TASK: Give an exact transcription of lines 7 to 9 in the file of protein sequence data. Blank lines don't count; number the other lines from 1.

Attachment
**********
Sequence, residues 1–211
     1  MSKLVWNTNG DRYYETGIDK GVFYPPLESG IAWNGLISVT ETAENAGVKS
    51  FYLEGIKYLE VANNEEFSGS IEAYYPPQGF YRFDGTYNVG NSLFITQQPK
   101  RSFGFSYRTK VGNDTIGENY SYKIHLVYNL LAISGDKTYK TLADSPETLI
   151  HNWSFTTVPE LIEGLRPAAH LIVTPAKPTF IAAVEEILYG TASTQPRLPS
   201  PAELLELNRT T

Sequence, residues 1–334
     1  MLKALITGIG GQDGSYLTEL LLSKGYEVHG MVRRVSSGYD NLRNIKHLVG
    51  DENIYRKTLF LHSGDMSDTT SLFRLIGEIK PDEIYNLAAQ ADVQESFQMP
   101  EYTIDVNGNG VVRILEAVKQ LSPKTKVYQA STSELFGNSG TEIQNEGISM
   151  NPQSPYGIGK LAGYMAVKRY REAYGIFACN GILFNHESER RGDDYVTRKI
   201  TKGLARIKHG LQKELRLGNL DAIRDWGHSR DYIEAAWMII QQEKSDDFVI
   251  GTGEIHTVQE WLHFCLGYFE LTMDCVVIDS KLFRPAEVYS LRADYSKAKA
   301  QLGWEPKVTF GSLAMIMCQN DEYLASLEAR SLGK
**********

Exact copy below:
Sequence, residues 1–334
     1  MLKALITGIG GQDGSYLTEL LLSKGYEVHG MVRRVSSGYD NLRNIKHLVG
    51  DENIYRKTLF LHSGDMSDTT SLFRLIGEIK PDEIYNLAAQ ADVQESFQMP